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Clin Exp Immunol. 1997 Jun;108(3):451-5.

Oral administration of antibodies as prophylaxis and therapy in Campylobacter jejuni-infected chickens.

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1
Department of Clinical Immunology, Huddinge Hospital, Sweden.

Abstract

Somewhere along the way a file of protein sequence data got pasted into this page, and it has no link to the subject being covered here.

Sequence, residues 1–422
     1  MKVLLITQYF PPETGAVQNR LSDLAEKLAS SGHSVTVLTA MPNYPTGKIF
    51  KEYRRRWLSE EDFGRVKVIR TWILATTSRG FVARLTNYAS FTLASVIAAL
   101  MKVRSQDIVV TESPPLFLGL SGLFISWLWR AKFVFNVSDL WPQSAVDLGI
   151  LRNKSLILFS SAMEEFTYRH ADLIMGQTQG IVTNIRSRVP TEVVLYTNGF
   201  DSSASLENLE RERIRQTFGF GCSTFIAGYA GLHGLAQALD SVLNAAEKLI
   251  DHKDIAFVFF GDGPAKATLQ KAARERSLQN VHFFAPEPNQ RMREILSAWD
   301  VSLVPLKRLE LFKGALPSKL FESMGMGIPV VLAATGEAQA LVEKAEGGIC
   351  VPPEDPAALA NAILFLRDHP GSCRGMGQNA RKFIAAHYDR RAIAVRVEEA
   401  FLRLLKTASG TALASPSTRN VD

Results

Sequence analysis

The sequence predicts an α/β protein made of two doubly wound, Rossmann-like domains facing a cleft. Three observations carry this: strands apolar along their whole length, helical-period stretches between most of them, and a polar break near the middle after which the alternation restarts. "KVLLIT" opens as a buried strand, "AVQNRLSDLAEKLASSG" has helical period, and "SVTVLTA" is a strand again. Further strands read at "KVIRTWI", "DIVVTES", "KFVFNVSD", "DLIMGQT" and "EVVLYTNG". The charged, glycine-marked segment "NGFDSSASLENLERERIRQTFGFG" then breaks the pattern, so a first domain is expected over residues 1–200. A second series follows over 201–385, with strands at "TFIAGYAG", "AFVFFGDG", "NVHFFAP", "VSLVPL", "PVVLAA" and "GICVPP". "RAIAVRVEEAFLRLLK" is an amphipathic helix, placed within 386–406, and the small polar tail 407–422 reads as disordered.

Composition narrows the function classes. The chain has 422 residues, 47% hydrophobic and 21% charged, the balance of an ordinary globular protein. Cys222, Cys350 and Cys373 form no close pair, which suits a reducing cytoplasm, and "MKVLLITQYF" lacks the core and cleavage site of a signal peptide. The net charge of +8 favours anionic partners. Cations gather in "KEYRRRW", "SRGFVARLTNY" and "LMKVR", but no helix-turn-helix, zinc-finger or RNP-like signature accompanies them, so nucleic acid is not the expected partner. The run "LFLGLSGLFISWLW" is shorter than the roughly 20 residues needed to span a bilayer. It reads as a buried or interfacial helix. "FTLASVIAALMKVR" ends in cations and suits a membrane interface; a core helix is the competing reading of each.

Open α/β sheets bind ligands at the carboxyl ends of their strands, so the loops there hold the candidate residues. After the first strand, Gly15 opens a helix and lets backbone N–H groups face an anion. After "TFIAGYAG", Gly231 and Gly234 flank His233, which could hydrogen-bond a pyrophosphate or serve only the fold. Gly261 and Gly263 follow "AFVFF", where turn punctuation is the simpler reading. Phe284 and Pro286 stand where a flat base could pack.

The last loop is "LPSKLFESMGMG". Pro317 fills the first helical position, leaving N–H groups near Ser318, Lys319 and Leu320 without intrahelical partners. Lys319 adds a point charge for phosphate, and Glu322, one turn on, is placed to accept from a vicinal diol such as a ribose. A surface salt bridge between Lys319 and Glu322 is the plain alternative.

Passive immunity against gastrointestinal infections has recently been successfully applied as prophylaxis and therapy in patients in a variety of virally and bacterially induced infections. Campylobacter jejuni is frequently associated with acute diarrhoea in humans, and several species of animals have been shown to transmit the disease, although birds have been implicated as the main source of infection. We used bovine and chicken immunoglobulin preparations from the milk and eggs, respectively, of immunized animals for prophylactic and therapeutic treatment of chickens infected with C. jejuni. A marked prophylactic effect (a >99% decrease in the number of bacteria) was noted using either antibody preparation, whereas the therapeutic efficacy, i.e. when antibodies were given after the infection was established, was distinctly lower (80-95%) as judged by faecal bacterial counts. These observations may serve as a starting point for experiments aimed at elimination of the infection in an industrial or farm setting. It may also encourage future attempts to treat, prophylactically or therapeutically, patients with Campylobacter-induced diarrhoea.

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